/. is running a story on the upcoming OpenBSD Hackathon, and I thought it important to point out what the term “Hack” means — not only in this case, but in any case where the term is properly used.
Here’s a piece of the article text — to give you a hint:
“Past OpenBSD hackathons have seen the introduction of SMP support, support for the amd64 architecture, and many other significant advances. What big advance will come out of the 2005 hackathon is yet to be seen.”
This is significant. Note the words the introduction of; this means that something was created there — as in, building new things. It’s important that this not be confused with digital trespassing, vandalism, or any other sort of hooliganism.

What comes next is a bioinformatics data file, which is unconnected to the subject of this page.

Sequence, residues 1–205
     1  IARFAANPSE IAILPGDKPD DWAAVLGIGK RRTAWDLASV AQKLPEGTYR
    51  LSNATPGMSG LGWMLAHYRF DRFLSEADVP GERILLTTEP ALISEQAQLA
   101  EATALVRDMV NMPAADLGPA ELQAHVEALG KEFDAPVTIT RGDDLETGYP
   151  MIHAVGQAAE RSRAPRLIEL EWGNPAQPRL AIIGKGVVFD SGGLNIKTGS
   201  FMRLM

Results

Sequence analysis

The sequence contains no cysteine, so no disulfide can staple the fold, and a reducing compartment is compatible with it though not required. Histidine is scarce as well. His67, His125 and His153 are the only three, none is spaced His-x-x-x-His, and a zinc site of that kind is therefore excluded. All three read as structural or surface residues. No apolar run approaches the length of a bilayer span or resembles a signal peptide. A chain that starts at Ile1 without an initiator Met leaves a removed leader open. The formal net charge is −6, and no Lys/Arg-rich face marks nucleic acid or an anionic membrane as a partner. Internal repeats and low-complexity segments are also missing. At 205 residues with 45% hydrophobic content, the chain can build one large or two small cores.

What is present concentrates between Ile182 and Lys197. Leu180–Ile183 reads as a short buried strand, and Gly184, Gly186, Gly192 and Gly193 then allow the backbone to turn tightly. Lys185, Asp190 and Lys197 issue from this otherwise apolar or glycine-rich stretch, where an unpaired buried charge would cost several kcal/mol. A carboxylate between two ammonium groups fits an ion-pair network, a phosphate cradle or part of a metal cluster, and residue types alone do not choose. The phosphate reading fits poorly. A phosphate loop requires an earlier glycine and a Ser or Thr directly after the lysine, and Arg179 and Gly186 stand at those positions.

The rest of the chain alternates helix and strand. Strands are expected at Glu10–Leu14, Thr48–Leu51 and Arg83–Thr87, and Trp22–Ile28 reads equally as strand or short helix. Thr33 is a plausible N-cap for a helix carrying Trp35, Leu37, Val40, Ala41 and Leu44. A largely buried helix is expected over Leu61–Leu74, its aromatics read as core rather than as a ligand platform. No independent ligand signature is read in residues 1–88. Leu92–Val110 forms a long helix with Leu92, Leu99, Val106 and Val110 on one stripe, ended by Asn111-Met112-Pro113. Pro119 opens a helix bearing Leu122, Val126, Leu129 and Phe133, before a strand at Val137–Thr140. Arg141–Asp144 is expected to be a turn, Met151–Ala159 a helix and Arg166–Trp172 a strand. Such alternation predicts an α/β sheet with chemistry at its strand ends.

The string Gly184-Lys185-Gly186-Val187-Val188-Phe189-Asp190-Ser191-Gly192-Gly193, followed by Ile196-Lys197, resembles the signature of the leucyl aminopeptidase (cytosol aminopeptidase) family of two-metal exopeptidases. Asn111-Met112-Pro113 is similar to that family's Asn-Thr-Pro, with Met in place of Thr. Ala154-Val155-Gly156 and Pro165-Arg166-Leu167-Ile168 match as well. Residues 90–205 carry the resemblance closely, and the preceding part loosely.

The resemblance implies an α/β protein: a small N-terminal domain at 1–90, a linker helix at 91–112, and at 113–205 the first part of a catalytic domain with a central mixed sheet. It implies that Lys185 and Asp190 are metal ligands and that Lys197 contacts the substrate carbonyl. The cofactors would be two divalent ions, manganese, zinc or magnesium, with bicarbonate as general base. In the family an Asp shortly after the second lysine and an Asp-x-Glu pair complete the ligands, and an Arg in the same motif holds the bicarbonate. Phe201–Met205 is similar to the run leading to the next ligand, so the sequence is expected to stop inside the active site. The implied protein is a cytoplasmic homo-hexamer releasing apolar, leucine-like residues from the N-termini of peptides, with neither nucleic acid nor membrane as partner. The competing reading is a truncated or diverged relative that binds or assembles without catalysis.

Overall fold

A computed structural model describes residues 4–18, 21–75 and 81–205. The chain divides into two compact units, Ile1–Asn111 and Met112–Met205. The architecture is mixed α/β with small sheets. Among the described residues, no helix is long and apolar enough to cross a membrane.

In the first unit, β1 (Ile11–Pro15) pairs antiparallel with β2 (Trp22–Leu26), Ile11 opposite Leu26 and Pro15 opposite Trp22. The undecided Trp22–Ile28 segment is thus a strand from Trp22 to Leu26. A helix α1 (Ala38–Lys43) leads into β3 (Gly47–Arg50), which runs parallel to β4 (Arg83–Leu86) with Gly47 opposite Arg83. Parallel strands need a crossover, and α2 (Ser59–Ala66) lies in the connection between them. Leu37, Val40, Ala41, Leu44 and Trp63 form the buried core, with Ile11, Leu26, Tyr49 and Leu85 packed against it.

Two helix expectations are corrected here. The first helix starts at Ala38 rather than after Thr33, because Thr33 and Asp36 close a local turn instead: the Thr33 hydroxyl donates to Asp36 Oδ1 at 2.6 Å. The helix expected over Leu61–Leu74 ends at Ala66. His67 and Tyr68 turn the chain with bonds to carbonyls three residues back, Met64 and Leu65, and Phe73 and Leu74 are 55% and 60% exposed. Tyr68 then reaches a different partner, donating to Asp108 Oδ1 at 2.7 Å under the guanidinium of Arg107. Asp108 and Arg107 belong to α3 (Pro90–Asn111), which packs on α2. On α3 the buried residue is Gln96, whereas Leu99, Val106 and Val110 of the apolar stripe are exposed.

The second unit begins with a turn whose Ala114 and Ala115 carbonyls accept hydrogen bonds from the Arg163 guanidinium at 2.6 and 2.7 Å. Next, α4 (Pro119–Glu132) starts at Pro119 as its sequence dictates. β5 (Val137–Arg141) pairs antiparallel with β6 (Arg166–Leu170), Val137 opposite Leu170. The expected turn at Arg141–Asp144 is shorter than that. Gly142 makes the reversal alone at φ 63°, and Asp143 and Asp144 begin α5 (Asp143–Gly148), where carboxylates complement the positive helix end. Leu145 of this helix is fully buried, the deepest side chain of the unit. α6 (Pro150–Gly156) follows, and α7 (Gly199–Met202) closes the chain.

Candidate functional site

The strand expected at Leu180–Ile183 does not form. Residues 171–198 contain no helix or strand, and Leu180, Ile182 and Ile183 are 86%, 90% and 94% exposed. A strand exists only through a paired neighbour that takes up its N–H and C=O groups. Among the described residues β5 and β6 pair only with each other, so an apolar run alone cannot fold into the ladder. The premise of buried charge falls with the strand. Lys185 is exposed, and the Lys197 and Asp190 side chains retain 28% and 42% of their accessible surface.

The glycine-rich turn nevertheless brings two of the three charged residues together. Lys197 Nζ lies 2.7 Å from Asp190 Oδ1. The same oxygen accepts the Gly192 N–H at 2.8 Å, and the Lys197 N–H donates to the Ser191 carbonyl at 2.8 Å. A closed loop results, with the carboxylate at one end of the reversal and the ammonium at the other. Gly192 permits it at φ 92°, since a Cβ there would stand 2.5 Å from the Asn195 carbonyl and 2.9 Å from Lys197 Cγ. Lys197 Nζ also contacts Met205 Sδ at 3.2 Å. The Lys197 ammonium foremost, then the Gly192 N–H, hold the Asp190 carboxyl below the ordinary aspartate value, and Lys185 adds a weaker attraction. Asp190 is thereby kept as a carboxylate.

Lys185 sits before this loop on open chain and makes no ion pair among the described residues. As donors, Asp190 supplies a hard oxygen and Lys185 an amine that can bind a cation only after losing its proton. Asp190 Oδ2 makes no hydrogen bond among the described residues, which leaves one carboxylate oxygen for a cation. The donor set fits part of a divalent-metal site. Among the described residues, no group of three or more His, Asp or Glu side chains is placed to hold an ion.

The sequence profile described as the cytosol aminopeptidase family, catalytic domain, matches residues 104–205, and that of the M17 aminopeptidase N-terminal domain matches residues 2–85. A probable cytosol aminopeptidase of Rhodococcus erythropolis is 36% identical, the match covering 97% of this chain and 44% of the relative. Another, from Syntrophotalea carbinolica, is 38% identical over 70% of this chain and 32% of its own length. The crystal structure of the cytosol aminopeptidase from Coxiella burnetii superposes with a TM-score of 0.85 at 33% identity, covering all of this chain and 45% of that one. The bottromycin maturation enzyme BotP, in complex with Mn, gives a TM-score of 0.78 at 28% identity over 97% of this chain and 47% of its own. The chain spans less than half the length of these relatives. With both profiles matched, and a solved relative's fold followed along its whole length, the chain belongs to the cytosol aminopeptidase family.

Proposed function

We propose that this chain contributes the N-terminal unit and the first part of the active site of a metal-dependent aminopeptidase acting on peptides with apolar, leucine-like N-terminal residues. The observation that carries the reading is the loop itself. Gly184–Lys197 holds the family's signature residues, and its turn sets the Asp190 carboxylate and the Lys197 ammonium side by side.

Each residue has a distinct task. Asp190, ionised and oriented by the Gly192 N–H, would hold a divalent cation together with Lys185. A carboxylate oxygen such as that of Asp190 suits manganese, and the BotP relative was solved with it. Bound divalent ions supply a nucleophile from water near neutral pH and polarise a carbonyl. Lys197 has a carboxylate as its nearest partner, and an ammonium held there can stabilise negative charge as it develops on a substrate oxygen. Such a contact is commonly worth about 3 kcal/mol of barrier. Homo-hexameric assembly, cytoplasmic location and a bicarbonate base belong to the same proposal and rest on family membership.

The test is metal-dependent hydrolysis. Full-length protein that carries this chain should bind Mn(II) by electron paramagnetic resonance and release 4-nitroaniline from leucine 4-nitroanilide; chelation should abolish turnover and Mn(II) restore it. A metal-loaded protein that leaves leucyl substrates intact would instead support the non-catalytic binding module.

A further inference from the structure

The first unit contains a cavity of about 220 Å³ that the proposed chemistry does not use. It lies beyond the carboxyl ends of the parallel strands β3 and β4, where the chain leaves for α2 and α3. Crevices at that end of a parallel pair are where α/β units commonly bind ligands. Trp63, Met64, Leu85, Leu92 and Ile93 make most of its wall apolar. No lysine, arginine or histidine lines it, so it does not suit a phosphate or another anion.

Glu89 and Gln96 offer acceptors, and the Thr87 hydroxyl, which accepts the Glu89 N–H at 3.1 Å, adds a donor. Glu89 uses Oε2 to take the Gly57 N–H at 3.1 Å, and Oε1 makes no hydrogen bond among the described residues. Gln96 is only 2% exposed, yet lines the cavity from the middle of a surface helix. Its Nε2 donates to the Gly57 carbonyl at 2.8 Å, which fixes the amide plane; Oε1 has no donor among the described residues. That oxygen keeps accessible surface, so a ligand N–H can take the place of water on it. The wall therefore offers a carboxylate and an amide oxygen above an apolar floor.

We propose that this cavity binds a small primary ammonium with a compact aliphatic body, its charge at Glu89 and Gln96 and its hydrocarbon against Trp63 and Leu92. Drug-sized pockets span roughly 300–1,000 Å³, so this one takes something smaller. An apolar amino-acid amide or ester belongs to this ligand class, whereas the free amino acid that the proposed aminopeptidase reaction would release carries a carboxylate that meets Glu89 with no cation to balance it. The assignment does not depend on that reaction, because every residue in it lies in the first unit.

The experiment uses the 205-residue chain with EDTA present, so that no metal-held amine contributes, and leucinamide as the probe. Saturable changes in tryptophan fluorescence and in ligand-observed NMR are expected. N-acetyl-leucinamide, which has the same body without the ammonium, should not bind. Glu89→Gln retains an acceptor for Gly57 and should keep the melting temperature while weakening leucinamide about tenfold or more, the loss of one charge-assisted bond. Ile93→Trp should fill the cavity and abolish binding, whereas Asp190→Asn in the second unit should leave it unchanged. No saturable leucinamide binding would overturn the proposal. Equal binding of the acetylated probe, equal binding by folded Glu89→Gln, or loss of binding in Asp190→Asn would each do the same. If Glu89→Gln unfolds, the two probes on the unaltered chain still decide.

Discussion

Hacking is using creativity to build new things that solve problems. It’s not (in my view) negative in any way. In fact I think “hacking” is quite positive. It means exploring and being creative about how one looks at the world and solves problems. We need more hackers.
Crackers, on the other hand, range from unpopular, script-kiddie posers to elite and highly professional criminals. The key here isn’t the skill level of the individual — it’s the motives.
Eric Raymond said it best when he said, “Hackers build things; crackers break them.” This is the definition that I like best, and I’m happy to see it used this way for a change.